Controlling the invoice-to-cash cycle means controlling the collection of receivables and reducing the number of unpaid invoices. That's why it's so important for small businesses to monitor their accounts receivable, i.e. the total amount owed by customers, as well as their accounts payable, i.e. what they owe to suppliers. For companies dealing with a large number of suppliers, such as franchises and chains, I2C offers a scalable and flexible solution for large volumes of invoices.

How to set up an invoice to cash process?

The first step in controlling collection is to dematerialise the accounts receivable process, i.e. to set up an invoice to cash automation software that allows you to issue, collect, process and collect your customer invoices as soon as the service/delivery is completed. In other words, what you need is a system that allows you to :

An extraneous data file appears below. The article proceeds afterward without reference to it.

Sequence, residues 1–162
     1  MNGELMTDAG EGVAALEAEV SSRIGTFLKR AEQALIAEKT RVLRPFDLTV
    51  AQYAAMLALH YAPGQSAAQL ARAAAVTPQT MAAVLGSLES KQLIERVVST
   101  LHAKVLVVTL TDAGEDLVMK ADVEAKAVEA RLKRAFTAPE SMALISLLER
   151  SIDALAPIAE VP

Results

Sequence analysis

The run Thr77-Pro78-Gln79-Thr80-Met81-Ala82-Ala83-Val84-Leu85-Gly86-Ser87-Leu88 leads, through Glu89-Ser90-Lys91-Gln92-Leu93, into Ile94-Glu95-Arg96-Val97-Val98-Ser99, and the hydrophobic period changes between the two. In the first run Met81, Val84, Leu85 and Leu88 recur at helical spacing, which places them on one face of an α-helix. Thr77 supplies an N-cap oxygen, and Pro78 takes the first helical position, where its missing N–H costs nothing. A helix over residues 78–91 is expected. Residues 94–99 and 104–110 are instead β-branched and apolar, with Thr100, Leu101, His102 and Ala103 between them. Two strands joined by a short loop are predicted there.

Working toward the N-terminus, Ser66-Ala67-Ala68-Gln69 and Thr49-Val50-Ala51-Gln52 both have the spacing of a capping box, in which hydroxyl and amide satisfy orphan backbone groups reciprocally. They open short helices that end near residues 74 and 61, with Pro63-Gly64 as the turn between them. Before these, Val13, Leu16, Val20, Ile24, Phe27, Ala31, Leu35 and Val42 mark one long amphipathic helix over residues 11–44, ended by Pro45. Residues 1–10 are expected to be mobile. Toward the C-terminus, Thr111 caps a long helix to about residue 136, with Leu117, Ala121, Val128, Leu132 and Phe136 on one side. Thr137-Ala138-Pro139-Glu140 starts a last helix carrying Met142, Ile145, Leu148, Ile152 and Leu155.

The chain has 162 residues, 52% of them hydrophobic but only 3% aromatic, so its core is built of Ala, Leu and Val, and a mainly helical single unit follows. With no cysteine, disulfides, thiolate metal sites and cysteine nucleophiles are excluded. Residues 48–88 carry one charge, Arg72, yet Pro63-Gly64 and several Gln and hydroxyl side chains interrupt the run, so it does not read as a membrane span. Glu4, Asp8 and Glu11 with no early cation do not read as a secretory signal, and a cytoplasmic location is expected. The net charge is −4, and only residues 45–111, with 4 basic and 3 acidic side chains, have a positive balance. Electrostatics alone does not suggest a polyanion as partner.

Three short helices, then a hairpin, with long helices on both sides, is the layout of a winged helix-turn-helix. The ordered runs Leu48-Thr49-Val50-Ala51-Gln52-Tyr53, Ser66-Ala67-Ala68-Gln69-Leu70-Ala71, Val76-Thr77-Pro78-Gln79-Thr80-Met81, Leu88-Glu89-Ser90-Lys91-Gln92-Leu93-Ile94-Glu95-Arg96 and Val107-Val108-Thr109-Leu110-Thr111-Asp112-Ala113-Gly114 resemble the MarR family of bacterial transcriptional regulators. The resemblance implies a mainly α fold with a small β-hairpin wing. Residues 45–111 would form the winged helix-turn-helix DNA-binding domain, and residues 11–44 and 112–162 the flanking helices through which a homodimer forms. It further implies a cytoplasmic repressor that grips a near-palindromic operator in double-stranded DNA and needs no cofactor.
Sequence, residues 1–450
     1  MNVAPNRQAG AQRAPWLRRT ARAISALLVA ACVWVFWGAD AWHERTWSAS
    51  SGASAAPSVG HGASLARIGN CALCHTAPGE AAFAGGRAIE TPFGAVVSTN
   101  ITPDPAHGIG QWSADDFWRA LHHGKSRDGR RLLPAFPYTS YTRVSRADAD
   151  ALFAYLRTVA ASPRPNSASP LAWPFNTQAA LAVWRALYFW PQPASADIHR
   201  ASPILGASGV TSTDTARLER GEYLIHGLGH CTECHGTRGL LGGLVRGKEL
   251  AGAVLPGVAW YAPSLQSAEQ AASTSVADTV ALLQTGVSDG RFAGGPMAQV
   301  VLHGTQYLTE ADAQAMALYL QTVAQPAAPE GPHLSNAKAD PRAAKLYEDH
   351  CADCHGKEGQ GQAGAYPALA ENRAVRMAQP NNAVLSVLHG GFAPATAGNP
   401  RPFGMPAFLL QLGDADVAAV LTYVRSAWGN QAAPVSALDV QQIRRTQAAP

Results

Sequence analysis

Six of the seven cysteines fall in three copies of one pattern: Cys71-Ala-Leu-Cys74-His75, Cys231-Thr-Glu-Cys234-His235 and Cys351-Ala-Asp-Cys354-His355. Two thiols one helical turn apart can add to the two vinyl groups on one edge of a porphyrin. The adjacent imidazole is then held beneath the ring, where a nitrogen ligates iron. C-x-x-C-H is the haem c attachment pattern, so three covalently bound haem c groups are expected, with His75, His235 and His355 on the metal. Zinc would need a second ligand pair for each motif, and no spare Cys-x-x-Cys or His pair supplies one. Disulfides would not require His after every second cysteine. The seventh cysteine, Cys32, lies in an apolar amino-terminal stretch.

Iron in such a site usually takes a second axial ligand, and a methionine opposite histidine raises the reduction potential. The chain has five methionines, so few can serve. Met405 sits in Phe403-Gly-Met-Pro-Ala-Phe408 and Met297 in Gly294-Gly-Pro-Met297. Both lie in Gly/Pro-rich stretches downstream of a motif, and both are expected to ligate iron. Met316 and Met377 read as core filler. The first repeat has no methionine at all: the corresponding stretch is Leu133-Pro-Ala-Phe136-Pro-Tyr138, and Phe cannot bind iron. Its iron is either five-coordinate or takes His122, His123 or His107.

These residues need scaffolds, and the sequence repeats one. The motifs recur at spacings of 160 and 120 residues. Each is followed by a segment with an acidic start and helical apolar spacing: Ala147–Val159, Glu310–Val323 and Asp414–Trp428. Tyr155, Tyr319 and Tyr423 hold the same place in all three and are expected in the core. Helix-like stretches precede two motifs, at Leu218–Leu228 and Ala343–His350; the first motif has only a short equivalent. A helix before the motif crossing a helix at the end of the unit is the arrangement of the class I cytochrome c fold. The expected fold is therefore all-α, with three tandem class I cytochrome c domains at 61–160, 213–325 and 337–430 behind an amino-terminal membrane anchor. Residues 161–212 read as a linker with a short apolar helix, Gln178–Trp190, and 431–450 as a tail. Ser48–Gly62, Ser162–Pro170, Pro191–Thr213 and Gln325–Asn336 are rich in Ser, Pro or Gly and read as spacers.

• Issue an invoice at any time without disrupting business operations.
  • Have this invoice processed by the accounting software and sent electronically to your customers
  • Receive the customer payment and deposit it automatically into your bank account.
  • Performing bank reconciliation and accounting reconciliation.

The business impact of automated payment management

1. Automate your reminders and payment follow-up

Customer relations are precious. This is why, in the context of reminders for unpaid invoices, we favour amicable solutions (phone calls, letters, text messages, mails, etc.).

Managing reminders is a time-consuming task with no real added value. But this is nothing compared to the burden that late payments represent for the treasury: overdrafts, lack of liquidity, obstacles to the development of the company, etc. Not to mention the human and material resources mobilised for debt collection, which could be used for other more productive projects.